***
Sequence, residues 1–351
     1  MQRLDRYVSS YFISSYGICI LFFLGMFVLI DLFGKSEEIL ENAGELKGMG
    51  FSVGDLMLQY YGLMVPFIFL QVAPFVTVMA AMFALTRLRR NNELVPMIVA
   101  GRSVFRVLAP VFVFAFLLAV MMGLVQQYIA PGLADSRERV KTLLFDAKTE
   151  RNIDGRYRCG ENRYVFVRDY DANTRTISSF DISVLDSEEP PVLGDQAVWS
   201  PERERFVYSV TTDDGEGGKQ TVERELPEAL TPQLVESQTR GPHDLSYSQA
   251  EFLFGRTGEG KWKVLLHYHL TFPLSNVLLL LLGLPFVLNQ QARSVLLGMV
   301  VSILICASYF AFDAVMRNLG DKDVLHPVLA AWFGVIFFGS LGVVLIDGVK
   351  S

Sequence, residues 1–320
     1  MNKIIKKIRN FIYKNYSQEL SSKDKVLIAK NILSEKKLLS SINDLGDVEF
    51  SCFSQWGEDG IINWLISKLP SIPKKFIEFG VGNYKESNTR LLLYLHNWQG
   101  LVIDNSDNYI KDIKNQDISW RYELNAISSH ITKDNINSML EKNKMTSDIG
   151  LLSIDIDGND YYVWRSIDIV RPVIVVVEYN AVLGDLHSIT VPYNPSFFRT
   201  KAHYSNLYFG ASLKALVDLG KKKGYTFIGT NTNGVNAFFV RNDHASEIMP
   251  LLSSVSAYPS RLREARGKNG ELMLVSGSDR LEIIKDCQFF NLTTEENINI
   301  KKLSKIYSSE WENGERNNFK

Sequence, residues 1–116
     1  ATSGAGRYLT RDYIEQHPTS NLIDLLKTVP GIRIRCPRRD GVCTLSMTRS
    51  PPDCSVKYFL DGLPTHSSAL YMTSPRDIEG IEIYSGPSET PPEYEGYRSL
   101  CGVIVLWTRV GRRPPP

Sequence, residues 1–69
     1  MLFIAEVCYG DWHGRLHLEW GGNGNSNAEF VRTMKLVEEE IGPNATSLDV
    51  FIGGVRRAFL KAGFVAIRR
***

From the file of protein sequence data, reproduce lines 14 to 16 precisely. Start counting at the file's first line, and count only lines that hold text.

   151  LLSIDIDGND YYVWRSIDIV RPVIVVVEYN AVLGDLHSIT VPYNPSFFRT
   201  KAHYSNLYFG ASLKALVDLG KKKGYTFIGT NTNGVNAFFV RNDHASEIMP
   251  LLSSVSAYPS RLREARGKNG ELMLVSGSDR LEIIKDCQFF NLTTEENINI